Quandt cites “obvious flaws” in U.S. Middle East policy: support for repressive regimes, failure to resolve the Israeli-Palestinian conflict, sanctions against Iraq. The reviewer would have wished he had gone further – as by condemning the insidious practice of taking sides in parochial conflicts, based on which side’s goals of the moment were closer to ours. Example: military support for Iraq against Iran.
Quandt’s criticism of failure to pacify Palestine misses the main point if, as the reviewer believes, the conflict will be insoluble until Israel radically modifies its basic laws to permit the country’s integration into its non-Jewish environment, and until Washington stops clinging to Israel in its Zionist configuration.
He is wrong to classify Al Qa‘idah’s attacks as “unsuccessful” if, as many believe, they trapped the ingenuous Americans in two attritional wars. Quandt accepts the reading that Bush did not decide to invade Iraq until 2002. In his view, the invasion planning was overoptimistic and incompetent. Let’s call a spade a spade. The invasion itself was the original sin – one of the most appalling blunders in American history.
It seems that the contradiction in our readings of that history are fundamental: they stem from incompatible definitions of the American national interest. To wit (in paraphrase): “Deny Middle East hegemony to the Soviet Union.” Washington perpetrated a farrago of diplomatic and subversive initiatives in the region in the hope of dispelling the threat of a Soviet takeover – a threat which, in retrospect, never existed. “Access to oil.” While America has spent trillions on military saturation of the region; China is becoming the leading consumer of Middle East petroleum without a base or a fleet. “Special relationship with Israel.” This is not a national interest. It is an adventitious political interest that conflicts with the national interest. “The misguided invasion of Iraq stemmed from the 9/11 attacks, neocon pressure, and Rumsfeld’s wish to disprove the Powell doctrine.” This list is fragmentary. See the preceding review.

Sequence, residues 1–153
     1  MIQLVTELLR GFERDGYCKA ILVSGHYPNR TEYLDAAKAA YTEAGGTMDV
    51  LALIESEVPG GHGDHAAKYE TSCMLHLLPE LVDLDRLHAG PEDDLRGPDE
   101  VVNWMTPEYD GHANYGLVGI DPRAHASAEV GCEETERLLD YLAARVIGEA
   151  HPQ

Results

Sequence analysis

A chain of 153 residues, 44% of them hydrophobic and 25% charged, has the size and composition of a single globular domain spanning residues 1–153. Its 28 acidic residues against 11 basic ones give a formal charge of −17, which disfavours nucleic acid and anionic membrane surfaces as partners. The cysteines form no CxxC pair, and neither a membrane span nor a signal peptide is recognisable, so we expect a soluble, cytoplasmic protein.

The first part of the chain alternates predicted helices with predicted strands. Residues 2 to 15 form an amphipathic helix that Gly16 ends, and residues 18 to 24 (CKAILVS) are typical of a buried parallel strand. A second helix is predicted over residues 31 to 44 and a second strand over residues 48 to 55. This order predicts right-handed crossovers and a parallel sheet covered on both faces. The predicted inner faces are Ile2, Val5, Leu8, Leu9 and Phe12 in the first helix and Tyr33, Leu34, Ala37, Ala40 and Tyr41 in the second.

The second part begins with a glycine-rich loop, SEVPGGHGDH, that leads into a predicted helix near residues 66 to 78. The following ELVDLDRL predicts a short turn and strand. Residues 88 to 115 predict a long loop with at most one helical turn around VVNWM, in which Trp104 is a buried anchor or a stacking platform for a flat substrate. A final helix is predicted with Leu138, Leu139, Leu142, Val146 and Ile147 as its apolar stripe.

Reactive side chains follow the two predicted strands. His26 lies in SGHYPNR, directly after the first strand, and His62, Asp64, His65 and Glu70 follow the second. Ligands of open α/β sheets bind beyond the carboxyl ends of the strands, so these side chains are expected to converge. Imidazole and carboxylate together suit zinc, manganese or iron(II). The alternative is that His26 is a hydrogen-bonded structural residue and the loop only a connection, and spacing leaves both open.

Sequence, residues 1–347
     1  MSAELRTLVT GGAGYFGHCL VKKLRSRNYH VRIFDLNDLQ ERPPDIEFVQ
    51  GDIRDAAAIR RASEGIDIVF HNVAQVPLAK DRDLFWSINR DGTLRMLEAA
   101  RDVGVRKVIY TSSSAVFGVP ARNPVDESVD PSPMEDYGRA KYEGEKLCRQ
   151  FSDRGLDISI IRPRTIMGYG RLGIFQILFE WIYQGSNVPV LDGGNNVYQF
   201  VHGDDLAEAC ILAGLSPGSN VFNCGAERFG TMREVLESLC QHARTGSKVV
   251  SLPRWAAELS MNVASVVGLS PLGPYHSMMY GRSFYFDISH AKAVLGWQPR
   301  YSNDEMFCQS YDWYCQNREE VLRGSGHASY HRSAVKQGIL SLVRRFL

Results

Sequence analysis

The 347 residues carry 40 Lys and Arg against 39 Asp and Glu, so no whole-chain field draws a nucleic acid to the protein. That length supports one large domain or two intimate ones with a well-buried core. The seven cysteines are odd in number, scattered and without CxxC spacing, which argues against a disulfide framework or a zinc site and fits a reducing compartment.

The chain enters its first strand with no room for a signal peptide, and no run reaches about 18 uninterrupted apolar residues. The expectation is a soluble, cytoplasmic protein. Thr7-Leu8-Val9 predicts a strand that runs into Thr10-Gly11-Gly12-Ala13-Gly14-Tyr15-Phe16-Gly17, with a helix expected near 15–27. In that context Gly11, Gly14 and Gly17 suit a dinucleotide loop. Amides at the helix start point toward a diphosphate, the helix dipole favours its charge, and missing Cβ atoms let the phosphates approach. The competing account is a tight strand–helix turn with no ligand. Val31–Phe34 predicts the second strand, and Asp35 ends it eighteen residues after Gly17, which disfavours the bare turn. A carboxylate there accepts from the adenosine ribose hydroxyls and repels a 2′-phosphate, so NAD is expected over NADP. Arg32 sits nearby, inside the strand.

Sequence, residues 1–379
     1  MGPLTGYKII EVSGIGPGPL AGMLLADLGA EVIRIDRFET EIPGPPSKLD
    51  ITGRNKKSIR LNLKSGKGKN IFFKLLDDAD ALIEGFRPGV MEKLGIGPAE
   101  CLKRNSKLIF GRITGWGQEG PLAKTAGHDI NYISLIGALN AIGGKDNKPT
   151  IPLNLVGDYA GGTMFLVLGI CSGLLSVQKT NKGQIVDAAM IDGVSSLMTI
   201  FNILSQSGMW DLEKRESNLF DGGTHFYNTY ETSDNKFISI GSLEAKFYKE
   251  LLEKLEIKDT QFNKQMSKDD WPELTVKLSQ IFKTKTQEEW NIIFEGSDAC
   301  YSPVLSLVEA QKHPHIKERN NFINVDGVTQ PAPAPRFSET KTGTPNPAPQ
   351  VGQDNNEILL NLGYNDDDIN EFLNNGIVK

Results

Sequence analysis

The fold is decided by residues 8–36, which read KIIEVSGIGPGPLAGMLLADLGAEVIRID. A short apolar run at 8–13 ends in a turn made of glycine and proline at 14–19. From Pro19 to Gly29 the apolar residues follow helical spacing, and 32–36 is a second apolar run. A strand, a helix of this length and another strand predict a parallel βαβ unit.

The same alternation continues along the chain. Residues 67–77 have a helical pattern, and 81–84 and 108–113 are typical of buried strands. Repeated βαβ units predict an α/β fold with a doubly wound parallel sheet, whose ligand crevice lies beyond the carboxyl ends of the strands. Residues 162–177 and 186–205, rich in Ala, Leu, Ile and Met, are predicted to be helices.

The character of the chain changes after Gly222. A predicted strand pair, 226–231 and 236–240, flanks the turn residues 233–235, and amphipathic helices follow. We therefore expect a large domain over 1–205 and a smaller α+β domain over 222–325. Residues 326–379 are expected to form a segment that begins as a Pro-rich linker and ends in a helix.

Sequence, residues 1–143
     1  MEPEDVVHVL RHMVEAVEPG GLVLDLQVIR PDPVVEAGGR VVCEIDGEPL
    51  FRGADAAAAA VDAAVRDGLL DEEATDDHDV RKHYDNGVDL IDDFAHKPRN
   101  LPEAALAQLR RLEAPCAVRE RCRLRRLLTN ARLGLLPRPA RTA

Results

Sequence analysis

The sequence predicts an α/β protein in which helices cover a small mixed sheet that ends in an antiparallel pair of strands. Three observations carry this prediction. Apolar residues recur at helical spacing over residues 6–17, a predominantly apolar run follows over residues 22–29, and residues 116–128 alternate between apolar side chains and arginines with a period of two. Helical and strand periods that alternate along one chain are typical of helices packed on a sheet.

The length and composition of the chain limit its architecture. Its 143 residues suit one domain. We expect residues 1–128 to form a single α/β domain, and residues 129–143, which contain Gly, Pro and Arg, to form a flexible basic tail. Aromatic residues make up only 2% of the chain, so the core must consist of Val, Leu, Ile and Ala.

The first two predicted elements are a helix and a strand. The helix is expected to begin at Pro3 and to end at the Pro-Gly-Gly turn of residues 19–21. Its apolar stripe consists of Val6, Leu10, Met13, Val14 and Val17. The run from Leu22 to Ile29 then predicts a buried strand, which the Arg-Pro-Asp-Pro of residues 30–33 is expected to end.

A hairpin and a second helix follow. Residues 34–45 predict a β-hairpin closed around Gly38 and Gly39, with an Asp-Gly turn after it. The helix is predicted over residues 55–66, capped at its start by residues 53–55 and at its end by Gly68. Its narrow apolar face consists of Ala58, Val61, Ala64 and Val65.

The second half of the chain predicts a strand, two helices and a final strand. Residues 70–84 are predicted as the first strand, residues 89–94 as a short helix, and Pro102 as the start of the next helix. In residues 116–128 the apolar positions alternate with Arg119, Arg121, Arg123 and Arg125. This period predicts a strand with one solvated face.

“By mid-2004 Americans realized they had to put more of an Iraqi face on the government of Iraq.” No analysis of this topic is intelligible without a summary of major American errors in Iraq, and an explanation of the dominant role of Ayatollah Sistani.
“As of late 2010, Iraq had dropped off the American radar screen.” Another example of the perils of prediction in the Middle East. As of late 2011, Iraq is back on the screen: New York Times page-one headline, 11/6/11: “Leaving Iraq, US Fears New Surge of Qaida Terror”.
“The Olmert peace offer of 2008 failed because his government and the Palestine Authority were weak, and American mediation was ineffectual.” Another appearance of the false premise that reconciliation between Zionist Israel and its neighbors is feasible.
“Egypt has just seen the overthrow of an entrenched pro-American government.” Mubarak was overthrown, but the military establishment he set up (which may perpetuate his policy of collaboration with Washington, for the same opportunistic reasons) is still in power.
“The US did fairly well in protecting its core interest in the Middle East up until 2000. 9/11 changed all that.” The only American interest that Washington has effectively served is the domestic political interest in the survival of Israel.